Note:  Do not rely on this information. It is very old.

Chatham Islands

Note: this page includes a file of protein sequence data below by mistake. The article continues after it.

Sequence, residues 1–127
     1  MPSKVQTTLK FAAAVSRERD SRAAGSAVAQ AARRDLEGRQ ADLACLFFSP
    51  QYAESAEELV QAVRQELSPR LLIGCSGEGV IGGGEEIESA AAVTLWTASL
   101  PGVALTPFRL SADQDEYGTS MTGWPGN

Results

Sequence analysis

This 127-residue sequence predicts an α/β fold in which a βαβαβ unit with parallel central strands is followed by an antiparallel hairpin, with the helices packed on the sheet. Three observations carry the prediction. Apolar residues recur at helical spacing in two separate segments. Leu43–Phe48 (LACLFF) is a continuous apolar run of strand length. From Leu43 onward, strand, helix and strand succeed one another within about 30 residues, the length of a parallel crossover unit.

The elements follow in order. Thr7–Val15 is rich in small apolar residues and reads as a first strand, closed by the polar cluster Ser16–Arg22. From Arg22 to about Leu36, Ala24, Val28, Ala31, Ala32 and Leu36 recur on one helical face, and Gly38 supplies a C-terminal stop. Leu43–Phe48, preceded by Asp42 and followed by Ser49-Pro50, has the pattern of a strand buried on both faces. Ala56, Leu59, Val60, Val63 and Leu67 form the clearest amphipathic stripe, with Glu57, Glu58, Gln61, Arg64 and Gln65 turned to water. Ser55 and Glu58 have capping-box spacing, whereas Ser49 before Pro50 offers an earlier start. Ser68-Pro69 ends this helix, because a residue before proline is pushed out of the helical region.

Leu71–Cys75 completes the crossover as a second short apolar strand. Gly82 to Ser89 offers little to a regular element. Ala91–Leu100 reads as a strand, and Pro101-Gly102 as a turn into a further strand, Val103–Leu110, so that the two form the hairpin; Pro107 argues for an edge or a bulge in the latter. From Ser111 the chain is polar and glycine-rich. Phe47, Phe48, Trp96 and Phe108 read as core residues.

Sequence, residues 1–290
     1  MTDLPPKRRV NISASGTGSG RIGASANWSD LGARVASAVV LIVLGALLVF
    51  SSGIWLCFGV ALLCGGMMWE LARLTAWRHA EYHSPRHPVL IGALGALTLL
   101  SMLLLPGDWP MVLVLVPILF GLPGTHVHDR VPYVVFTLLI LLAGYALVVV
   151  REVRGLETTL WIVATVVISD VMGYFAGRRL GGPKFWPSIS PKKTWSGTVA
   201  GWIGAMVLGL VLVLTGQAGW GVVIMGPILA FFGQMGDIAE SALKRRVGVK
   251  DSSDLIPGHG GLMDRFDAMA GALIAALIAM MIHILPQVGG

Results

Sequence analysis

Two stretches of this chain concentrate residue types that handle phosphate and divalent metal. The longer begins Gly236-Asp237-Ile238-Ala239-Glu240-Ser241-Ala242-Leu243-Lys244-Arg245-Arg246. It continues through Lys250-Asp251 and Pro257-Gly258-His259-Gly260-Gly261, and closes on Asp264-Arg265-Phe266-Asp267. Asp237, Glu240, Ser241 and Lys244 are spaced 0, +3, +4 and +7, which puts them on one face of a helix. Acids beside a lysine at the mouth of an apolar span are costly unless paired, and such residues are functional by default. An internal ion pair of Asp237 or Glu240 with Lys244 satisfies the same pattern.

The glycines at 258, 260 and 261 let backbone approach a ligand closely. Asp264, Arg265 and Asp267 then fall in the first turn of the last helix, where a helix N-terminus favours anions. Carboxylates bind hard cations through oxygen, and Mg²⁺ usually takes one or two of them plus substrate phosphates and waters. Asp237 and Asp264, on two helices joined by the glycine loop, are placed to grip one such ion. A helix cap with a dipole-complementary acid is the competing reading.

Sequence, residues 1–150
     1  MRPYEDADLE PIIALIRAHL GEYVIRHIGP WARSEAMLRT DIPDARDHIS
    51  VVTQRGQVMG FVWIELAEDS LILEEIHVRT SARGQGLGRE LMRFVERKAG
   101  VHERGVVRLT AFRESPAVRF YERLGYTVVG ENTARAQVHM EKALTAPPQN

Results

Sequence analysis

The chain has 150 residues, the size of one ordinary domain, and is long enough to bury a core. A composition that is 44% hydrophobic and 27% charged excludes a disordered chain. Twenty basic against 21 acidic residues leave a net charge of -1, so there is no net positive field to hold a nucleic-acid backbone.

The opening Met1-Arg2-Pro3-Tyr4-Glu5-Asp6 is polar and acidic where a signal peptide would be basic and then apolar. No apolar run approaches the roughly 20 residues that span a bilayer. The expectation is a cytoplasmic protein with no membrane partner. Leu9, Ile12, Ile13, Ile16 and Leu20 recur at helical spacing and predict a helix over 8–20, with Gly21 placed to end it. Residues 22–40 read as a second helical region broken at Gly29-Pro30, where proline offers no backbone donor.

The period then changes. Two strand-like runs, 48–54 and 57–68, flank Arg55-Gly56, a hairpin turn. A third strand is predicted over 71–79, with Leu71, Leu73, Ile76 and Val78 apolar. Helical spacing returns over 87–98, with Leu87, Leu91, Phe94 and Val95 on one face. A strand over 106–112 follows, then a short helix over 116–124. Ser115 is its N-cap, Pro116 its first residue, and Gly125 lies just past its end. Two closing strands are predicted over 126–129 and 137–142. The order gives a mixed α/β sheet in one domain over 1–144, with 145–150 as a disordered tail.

Chatham Islands, so called from the name of the ship Chatham, commanded by Lieutenant Broughton, who discovered them in 1791, are a group of islands in the Pacific, 560 miles E. of New Zealand, to which they belong. The group consists of three islands and some rocky islets. Chatham Island, the largest of the group, contains over 305,000 acres, and has in it a large lake twenty-five miles long, and six or seven broad, which sometimes bursts through a separating sand-bank and communicates with the sea. The island is fertile, and produces much flax, and the climate is mild. The vegetation generally resembles that of New Zealand, but the trees are much smaller. Many horses and cattle are bred for the New Zealand market.